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Youth Sports Heroes of the Month: Plainfield (Conn.) High School Athletes


"Sports does not build character. Sports reveals character," said journalist Heywood Broun more than half a century ago. He meant that athletic competition can bring out either the best or the worst in an athlete, depending on the inner strengths or weaknesses that the athlete brings to the game. Sports can be noble or ignoble, depending on who is playing and how they play.

On the night of September 26, 2014, fans displayed the ignoble side of sports at a high school football game in Plainfield, Connecticut. Within hours, however, the noble side prevailed as Plainfield student-athletes confronted a wrong that had reportedly festered in their town's sports programs for years.

Sports can be noble or ignoble, depending on who is playing and how they play. On the night of September 26, 2014, fans displayed the ignoble side of sports at a high school football game in Plainfield, Connecticut. Within hours, however, the noble side prevailed as Plainfield student-athletes confronted a wrong that had reportedly festered in their town's sports programs for years.

Youth Sports Heroes of the Month: Alex Norwood (Conyers, Ga.) and Schuyler LaRue (Maryville, Tenn.)


Sixteen-year-old Atlanta-area first baseman Alex Norwood hit a dramatic grand slam in a winning cause on March 21, but his truly game-changing hit was none that never appeared on the scoreboard.

In a junior varsity game at Newtown High, the Rockdale County High junior came through in the clutch in a way that mattered even more when, between the second and third innings, home plate umpire Woody Reagin suffered a massive heart attack and collapsed. Alex Norwood and coach Jerrid Harris

This month's Youth Sports Heroes honors two high school students - one a wrestler, one a baseball player - who were in the right place at the right time to save the lives of an umpire and fan who, but for their training and quick thinking, might have died.

Youth Sports Heroes of the Month: Overland High School (Aurora, Colo.) Girls Soccer Team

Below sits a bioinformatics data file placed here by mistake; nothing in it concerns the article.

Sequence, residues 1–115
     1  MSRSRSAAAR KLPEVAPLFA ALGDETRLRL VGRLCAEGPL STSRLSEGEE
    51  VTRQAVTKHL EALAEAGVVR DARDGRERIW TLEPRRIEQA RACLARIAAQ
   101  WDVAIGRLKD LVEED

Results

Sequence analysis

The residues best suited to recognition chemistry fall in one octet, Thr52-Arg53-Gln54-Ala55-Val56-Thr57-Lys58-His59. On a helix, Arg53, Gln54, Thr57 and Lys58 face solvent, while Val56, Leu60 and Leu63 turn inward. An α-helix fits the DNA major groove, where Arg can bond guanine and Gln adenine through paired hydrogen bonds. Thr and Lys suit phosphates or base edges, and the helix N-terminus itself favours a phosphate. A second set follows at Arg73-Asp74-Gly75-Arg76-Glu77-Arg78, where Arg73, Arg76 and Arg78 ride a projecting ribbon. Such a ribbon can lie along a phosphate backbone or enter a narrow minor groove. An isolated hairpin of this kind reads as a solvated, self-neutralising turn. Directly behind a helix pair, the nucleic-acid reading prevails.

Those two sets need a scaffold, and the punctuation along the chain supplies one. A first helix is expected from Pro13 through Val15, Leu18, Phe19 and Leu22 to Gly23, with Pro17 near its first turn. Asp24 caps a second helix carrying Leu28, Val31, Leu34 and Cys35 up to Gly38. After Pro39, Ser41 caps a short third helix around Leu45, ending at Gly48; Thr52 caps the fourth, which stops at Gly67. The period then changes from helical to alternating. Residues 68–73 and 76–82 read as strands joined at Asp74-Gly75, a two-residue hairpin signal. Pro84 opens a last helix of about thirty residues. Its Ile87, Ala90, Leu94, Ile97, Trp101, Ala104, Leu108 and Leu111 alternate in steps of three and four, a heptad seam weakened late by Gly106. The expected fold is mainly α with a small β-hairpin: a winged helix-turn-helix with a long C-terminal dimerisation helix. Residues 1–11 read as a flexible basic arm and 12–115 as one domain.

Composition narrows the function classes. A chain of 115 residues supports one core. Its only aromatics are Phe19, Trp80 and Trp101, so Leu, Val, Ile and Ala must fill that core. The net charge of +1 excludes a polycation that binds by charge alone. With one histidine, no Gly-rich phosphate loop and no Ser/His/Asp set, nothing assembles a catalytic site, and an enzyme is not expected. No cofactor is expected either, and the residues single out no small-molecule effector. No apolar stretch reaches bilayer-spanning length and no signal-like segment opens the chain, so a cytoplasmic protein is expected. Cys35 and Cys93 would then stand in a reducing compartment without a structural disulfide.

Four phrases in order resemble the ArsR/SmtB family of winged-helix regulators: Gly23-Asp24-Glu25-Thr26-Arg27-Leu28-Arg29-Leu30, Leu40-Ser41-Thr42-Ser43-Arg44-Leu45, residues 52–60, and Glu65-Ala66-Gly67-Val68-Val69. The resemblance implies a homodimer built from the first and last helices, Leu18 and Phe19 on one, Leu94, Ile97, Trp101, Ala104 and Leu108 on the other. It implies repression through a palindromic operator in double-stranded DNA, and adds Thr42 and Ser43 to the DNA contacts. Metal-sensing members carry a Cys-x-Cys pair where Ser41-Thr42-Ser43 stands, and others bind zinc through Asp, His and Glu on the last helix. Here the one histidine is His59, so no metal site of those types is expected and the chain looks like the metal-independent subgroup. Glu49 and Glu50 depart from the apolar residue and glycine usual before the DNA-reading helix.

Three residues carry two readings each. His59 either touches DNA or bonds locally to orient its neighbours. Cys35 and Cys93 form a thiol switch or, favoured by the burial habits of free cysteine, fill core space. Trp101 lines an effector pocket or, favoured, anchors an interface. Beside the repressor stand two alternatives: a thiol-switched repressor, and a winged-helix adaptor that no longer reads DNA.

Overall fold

When the Overland High School Trailblazers opened their varsity soccer season against the Fairview High School Knights on March 12, the girls were short one player. The referees sidelined Trailblazer Samah Aidah as a result of a pre-game ruling that her hijab, a headscarf worn by Muslim women as a sign of modesty and devotion, created an alleged "danger." Aurora Colorado girls soccer team wearing hajibs

When a referee sidelined Overland High School soccer player Samah Aidah because her hijab allegedly created a "danger," her teammates expressed their solidarity at their next game by all wearing hajibs. 

Disciplining Youth Sports Coaches: Lots of Factors To Consider

My March "Youth Sports Hero of the Month" column honored 12-year-old Matthew Marotta for his sportsmanship at the end of a hard-fought pee wee hockey tournament game in Winnipeg, Manitoba on February 16.

For readers who might not have read that blog entry yet, the Nanaimo Clippers edged Matthew's Prince George Cougars, 3-2, on a hotly disputed goal in the final moments of double overtime.Youth hockey player watching action from bench

In his March Youth Sports Hero of the Month blog, Doug Abrams honored 12-year-old Matthew Marotta for his sportsmanship at the end of a hard-fought pee wee hockey tournament game in Winnipeg, Manitoba.   In this post, the former youth hockey coach focuses on the factors sports leagues should weigh in considering disciplinary measures against a coach, using the Marotta incident as a jumping off point.

Youth Sports Hero of the Month: Terrance Washington (Louisville, Ky.)

For West End Yellow Jackets football coach Terrance Washington, practice at Russell Lee Park in Louisville, Kentucky on the night of September 12 seemed just like any other practice. Then, as he was putting the Mighty Mite Division team through its paces, he heard parents yelling that a two-year-old girl had just fallen 15 feet into a dark abandoned well 50 yards from the field.